A better example set (argues Engelmann) would be: 5/3, 1/4, 2/50, 3/5, 10/2, 1/5, 48/2 and 7/2 — although he notes that there are thousands more possible sets that are consistent with the Method of Agreement.
Yet many educators believe that the set limited to 1/2, 1/3, and 1/4 is well conceived. Some states ranging from North Dakota to Virginia even mandate that these fractions should be taught first, even though the set is capable of inducing serious confusion. Possibly the most serious problem that students have in learning higher math is that they don’t understand that some fractions equal one or are more than one. This problem could have been avoided with early instruction that introduced a broad range of fractions. [Loc 261]
For my part, I find Engelmann’s ideas fascinating. He seems to be building a coherent philosophy of education from what I consider to be properly basic, foundational principles, rather than some of the “castles in the air” that I have encountered elsewhere.
I will continue my exploration of Engelmann’s ideas in subsequent posts. You can find Parts 1 and 2 of this series here and here.
[B]ecause all my moral and intellectual being is penetrated by an invincible conviction that whatever falls under the dominion of our senses must be in nature and, however exceptional, cannot differ in its essence from all the other effects of the visible and tangible world of which we are a self-conscious part.
— Joseph Conrad, Author’s Note to The Shadow-Line
Anthony Radice writes a provocative blog as The Traditional Teacher: whilst I often agree with much of what he says, sadly our foundational philosophies could not be further apart.
[P]revalent theories are having a disastrous impact on the world of education. Influenced by these theories, there are many nowadays who think that materialism can be justified by statements such as ‘Evidence suggests that ‘conscience’ and ‘consciousness’ and other mental processes are products of human brain activity’.
I wrote the quoted words in the comments of the Traditional Teacher’s previous blog post [21/6/15], and I stand by them still. I would describe myself as a methodological naturalist rather than as a materialist. The label “materialist” calls to mind the seventeenth century view that there is only “atoms and the void”. This is indeed a mechanistic philosophy perhaps best described as ontological naturalism: in other words, all that exists is atoms and the void. If we know the initial states of all the particles then it would seem that we then can predict the future state of the universe at any time. This does indeed suggest that the past, present and future are pre-determined.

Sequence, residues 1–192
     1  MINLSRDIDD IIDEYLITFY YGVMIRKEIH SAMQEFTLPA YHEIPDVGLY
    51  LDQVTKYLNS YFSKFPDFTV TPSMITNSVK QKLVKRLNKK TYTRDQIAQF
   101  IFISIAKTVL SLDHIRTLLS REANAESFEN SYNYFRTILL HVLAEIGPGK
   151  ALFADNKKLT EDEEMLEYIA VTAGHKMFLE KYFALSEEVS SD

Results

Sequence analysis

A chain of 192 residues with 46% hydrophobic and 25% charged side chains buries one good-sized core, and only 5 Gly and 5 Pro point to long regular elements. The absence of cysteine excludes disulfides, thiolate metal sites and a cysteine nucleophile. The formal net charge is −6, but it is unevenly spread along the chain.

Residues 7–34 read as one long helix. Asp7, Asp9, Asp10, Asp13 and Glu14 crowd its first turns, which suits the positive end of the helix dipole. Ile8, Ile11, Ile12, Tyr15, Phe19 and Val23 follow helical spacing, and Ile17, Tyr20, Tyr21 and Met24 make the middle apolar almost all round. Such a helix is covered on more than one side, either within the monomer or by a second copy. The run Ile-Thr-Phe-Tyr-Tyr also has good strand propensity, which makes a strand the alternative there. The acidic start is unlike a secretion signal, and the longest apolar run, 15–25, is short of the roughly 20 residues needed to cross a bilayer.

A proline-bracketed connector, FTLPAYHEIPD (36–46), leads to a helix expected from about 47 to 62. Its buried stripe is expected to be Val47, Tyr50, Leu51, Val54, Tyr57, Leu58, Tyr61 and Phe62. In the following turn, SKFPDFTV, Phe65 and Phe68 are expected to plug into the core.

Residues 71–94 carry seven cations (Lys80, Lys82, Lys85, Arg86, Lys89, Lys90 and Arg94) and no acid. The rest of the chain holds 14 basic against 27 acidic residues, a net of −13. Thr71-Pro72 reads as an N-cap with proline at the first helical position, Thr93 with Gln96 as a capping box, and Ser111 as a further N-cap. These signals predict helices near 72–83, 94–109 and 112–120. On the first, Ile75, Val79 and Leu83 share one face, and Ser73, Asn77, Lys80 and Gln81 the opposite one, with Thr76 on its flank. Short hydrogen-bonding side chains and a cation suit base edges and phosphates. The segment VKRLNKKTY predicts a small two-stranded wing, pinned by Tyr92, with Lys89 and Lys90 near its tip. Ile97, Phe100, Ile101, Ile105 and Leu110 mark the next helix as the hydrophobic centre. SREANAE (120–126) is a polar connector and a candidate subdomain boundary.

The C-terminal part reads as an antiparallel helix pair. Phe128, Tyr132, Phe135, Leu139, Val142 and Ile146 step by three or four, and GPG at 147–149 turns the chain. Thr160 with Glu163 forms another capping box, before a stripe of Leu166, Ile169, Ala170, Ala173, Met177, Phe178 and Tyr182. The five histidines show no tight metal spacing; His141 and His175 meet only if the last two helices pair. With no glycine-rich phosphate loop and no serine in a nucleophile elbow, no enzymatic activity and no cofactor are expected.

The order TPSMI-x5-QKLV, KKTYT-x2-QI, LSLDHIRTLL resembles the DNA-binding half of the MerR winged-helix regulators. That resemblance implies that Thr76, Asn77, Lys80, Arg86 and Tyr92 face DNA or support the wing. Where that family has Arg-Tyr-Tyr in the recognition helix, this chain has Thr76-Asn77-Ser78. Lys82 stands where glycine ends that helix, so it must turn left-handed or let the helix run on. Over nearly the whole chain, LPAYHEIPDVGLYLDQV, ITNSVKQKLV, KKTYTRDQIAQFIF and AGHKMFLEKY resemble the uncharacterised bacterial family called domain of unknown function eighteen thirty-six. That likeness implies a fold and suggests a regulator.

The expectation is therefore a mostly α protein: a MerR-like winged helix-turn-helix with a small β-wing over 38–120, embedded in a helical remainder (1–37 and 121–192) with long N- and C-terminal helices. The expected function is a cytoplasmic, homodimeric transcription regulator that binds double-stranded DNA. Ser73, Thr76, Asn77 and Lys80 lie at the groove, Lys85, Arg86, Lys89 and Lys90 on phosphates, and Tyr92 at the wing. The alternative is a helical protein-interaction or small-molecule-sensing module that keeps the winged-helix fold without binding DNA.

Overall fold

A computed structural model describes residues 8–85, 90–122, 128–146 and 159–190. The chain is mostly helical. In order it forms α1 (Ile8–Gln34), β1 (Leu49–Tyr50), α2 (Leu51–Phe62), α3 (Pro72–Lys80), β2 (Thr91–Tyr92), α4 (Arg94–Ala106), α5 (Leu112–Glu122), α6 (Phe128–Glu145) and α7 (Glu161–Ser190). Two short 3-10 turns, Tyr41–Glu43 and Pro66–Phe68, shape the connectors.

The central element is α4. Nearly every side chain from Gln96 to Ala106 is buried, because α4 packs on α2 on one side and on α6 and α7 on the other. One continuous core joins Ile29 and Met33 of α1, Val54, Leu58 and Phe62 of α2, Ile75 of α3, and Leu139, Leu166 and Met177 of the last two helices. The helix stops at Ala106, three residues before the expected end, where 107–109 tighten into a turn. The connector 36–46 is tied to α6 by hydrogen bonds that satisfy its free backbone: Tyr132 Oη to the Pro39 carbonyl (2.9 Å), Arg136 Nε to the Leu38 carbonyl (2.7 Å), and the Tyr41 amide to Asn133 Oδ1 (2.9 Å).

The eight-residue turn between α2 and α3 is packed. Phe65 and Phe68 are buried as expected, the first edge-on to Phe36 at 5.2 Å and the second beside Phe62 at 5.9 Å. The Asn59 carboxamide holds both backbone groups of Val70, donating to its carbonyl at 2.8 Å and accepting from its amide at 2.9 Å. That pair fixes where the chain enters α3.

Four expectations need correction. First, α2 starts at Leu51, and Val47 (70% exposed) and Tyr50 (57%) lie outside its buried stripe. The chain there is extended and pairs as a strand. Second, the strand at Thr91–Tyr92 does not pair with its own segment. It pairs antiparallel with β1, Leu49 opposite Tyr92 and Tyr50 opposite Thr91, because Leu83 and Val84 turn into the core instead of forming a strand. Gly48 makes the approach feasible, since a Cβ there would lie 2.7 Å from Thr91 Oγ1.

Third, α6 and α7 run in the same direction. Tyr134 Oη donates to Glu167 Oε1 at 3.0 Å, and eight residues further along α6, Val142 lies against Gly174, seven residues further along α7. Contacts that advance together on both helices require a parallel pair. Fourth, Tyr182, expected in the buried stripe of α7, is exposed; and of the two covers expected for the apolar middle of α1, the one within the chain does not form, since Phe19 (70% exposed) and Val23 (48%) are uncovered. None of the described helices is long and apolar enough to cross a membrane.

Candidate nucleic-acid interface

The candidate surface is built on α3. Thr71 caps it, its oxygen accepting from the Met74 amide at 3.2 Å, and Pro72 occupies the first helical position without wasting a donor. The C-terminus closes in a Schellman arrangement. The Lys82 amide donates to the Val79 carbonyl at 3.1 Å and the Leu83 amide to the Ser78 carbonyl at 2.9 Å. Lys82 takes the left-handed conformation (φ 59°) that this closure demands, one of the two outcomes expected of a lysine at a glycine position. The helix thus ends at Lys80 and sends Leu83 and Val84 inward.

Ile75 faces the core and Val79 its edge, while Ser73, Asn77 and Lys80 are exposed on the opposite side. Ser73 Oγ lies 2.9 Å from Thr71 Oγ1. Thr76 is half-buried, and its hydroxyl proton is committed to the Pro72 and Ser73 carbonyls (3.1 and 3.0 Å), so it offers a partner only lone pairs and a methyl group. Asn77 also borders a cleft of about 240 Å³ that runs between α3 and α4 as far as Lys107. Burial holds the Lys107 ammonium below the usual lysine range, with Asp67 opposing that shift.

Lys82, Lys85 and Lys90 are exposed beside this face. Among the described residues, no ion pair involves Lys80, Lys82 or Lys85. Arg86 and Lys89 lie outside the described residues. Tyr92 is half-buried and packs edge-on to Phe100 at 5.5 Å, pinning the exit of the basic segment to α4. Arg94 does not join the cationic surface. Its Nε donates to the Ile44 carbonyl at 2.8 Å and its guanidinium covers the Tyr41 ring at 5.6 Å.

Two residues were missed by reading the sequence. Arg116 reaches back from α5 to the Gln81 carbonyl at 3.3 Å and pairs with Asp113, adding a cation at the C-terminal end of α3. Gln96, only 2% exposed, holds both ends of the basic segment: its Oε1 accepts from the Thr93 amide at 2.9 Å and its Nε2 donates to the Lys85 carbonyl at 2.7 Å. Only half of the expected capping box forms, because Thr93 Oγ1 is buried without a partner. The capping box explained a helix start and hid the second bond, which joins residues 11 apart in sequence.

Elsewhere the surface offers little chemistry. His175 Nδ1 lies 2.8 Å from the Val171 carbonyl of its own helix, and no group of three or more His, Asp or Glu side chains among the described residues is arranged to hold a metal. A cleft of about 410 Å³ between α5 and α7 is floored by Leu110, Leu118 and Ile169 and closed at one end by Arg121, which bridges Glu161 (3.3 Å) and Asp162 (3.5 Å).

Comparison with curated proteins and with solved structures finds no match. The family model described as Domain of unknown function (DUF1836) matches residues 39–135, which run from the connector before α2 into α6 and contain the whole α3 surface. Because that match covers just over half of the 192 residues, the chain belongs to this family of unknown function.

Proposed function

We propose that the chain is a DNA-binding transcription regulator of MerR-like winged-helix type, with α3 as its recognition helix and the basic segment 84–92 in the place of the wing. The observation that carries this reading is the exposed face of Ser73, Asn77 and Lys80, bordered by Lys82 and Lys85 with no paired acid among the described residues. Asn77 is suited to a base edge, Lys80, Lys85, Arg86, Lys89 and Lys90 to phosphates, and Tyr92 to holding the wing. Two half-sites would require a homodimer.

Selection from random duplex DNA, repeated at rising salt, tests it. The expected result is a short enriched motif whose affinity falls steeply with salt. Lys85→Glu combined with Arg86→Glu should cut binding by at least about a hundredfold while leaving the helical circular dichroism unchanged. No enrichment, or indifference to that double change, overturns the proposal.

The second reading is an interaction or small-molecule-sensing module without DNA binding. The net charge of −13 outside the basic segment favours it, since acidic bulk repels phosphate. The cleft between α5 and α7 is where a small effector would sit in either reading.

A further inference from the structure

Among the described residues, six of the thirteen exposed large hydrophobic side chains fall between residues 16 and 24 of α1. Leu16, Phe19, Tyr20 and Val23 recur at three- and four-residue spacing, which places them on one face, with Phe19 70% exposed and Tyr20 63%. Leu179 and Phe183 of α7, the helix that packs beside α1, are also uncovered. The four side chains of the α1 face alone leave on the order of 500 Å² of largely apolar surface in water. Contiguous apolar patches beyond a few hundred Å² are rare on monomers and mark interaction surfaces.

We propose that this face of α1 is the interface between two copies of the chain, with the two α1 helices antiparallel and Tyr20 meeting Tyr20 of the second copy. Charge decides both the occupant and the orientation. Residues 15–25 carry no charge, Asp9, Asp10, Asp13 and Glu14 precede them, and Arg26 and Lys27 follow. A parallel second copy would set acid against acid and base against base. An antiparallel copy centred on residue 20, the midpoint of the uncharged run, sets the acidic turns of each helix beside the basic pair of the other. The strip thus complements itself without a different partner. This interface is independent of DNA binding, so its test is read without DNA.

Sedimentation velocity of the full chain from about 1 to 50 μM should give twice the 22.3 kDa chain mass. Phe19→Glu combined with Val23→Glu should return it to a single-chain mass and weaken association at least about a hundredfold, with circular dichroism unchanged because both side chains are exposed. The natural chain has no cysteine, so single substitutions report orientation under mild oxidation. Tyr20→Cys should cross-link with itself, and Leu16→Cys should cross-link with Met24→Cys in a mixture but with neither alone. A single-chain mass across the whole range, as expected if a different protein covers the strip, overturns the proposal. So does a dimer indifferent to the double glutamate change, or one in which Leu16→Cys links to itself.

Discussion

However, it soon became clear that such a view could not be justified. Perhaps a two-body Newtonian system can be deterministic in the sense that its past, present and future can be calculated provided enough information about its state at one instant is known. However, the lack of an exact solution to the famous Three Body Problem shows that even mechanistic ontological naturalism does not automatically entail determinism.
Since methodological naturalism does not involve a commitment to an ontology but rather to a methodology (perhaps best exemplified by the empirical sciences, but not limited to them), it does not entail a commitment to any form of determinism either.
I believe the foregoing shows that both “flavours” of naturalism do not automatically lead to determinism. Mr Radice, however, is not impressed:
Indeed, we have reached the stage where many do not hold others responsible for their actions, at least in theory. Their materialistic determinism leads them to ‘explain’ actions in psychological or social or (insert favourite flavour of determinism) terms. But this doesn’t explain anything, because it leaves out the person. It removes humanity because it removes conscience and freedom. All humanity is excused because humanity, it turns out, does not exist.